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Email Lesson 5

Other Types of Email

Web Mail
In this lesson, we'll explore other email options, including web mail and instant messaging.

Web mail, sometimes called web-based email, functions somewhat like a traditional email client and can include many of the same features.

Web mail doesn't require any special email client software. Free web mail accounts such as HotmailTM or YahooTM use an email client that appears in a web page. You can access your web mail account on any computer with Internet access.

Just type in your web mail service's URL and log in.

To set up your email client correctly, you need to:

  • Determine which web mail service you want to use.
  • Sign up for a free account. (This requires some personal information.)
  • Determine a user name and password.
  • Read the Help page if necessary.

Web Mail Advantages and Considerations

Convenient.
Web mail is kept on an Internet server, so you can access it with any computer that is connected to the Internet. You can also set up new web mail accounts easily.

Accessible.
Even if you change ISPs, you'll still be able to access your web mail account.

Choice.
Pick a web mail service that best suits your needs. For example, is the access point (URL) always available? How much storage space are you allotted? Does it feature an electronic address book? Is your privacy being protected?

Waiting.
If the speed of your computer and bandwidth are slow, you may have to wait long periods of time to read simple text messages.

Advertising.
Not only will you have to view ads as you check your email, most services will affix some sort of advertising line to your email message. For example, "For the best free web mail, check out www.webmail.com." Also, some web mail providers sell member lists to advertisers, which may result in a lot of unwanted mail in your INBOX.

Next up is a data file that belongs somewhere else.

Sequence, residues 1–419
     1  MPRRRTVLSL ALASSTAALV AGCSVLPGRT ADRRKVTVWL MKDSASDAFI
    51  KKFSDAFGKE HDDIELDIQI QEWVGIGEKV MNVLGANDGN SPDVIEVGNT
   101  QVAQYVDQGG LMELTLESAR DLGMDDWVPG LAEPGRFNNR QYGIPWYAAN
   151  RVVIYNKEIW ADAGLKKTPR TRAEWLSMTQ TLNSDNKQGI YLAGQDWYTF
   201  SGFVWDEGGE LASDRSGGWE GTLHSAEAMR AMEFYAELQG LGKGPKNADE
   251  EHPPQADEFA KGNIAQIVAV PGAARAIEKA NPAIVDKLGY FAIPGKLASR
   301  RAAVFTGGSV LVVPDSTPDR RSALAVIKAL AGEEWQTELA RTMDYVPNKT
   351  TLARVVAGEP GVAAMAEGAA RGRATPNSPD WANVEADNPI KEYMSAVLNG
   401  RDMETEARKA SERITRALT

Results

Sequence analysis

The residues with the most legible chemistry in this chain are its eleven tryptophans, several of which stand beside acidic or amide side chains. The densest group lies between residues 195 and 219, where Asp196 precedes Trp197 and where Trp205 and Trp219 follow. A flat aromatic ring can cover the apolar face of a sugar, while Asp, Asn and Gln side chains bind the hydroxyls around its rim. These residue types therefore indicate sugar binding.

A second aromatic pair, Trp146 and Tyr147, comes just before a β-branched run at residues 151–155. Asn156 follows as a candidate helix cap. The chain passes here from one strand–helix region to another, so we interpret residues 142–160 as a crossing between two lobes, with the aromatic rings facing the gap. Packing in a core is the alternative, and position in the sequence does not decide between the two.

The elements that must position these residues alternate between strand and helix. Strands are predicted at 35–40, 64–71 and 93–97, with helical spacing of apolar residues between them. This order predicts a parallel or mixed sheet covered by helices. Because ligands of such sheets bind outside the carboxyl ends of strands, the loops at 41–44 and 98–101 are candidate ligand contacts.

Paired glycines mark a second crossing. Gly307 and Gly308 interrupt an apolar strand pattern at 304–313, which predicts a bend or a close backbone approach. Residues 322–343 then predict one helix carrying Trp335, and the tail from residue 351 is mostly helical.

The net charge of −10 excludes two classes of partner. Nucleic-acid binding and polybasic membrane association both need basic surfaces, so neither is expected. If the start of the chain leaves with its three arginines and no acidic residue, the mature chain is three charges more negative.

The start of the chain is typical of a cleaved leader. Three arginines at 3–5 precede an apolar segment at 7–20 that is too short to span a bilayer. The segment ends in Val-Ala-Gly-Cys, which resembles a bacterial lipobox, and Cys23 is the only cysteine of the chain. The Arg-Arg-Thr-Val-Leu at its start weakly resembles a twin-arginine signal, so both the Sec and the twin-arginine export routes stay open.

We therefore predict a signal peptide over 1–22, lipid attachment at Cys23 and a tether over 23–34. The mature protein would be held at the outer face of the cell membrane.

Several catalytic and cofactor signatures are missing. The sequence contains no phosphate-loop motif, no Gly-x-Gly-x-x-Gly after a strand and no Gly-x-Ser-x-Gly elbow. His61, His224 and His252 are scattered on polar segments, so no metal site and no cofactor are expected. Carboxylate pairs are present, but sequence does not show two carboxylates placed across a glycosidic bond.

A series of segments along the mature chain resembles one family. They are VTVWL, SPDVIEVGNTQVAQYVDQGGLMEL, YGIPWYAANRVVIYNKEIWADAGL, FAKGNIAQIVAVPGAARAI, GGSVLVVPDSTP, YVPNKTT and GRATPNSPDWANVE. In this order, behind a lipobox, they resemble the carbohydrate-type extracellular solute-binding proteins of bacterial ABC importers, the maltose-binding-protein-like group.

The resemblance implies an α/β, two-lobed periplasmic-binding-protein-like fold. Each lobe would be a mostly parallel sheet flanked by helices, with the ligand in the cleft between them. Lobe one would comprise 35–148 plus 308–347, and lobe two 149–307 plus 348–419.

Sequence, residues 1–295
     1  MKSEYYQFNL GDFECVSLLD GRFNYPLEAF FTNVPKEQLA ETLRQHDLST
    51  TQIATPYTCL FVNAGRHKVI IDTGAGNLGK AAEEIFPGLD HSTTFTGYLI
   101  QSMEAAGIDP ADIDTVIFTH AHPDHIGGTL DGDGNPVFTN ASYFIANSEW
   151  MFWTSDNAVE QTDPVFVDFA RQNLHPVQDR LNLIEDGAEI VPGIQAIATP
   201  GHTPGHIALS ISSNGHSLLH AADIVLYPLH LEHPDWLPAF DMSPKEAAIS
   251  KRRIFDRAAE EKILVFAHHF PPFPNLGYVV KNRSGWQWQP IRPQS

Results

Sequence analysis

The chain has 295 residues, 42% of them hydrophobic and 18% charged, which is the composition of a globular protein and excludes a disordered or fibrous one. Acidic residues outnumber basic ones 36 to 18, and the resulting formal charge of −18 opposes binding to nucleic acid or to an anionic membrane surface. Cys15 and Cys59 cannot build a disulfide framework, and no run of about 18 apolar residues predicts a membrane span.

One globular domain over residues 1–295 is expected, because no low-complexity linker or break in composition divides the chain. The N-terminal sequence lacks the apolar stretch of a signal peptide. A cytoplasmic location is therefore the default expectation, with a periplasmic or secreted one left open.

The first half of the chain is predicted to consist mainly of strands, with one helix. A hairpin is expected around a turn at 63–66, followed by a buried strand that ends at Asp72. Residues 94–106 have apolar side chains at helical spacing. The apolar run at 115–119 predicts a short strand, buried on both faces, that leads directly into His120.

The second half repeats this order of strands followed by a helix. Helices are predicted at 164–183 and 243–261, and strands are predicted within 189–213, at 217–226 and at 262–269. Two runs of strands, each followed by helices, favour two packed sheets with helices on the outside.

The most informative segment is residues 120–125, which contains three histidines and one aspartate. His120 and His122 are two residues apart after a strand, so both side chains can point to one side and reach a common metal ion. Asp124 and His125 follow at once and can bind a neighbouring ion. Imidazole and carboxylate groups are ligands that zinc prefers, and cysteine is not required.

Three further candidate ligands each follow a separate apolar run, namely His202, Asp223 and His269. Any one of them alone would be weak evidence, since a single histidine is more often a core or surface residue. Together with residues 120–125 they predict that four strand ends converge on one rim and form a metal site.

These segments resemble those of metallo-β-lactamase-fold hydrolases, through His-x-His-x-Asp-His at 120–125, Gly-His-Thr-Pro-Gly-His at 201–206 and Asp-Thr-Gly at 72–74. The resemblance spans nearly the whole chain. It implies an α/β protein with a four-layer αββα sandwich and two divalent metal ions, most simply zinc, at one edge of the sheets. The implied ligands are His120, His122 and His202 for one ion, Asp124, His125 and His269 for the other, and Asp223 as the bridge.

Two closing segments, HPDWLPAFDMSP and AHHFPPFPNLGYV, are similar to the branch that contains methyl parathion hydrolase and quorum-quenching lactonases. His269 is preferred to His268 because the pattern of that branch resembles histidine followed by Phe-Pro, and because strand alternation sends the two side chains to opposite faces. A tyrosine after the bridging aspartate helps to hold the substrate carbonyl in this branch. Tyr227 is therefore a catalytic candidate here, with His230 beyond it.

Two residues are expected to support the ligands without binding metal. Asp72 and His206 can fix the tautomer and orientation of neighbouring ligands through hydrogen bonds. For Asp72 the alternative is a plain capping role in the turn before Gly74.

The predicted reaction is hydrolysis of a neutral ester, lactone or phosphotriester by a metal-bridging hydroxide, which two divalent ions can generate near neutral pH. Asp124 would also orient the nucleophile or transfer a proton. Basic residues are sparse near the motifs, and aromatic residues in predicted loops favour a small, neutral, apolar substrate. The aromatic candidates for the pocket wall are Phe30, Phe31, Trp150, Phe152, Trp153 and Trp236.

Privacy.
Keep your web mail password secret and change it often. You never know who may want to read your email.

Instant Messaging

Instant Messaging (IM) is another type of email software  that is frequently used for chat. Chat some what mimics a conversation. Instead of talking, you type messages back and forth in real time.

An instant messaging service is software that runs on a personal computer. Like other email services, you need an Internet connection and software to use instant messaging. AOL Instant MessengerTM, Yahoo! MessengerTM, MSN MessengerTM, and ICQTM are just a few of the instant messaging services available.
Most services are free.

To set up your instant messaging service correctly, you need to:

  • Determine which IM service you want to use.
  • Download the IM software.
  • Sign up for a free account. (This requires some personal information.)
  • Determine a user name and password.
  • Read the Help page if necessary, and you're ready to go.

Instant Messaging Features

Instant messaging service may include the following features:

  • Create a contact list (buddy list).
  • Add, Edit or Delete people from your contact list.
  • Know who in your contact list is online at any time.
  • Be alerted when others in your contact list log on.
  • Send and receive messages from those in your contact list.
  • Search for others using the service.
  • Functions may include: chat, voice, message board, data conferencing, file transfer, Internet games, and exchange web-page addresses.
  • Groups can conduct conferences or just 'hang out' online.

Instant Messaging Advantages and Considerations

Real time.
Instead of waiting for someone to reply to your email message, if someone in your contact list is online, you can chat in "real time."

Turn it off.
There may be times when you don't want to be available for chat.

Privacy.
Do you want everyone to know when you log on?

Difficulty.
Poor typing skills can inhibit IM communication.

Waiting.
If the speed of your computer and bandwidth are slow, you may have to wait long periods of time to read simple text messages.

Advertising.
View ads as you "message" others.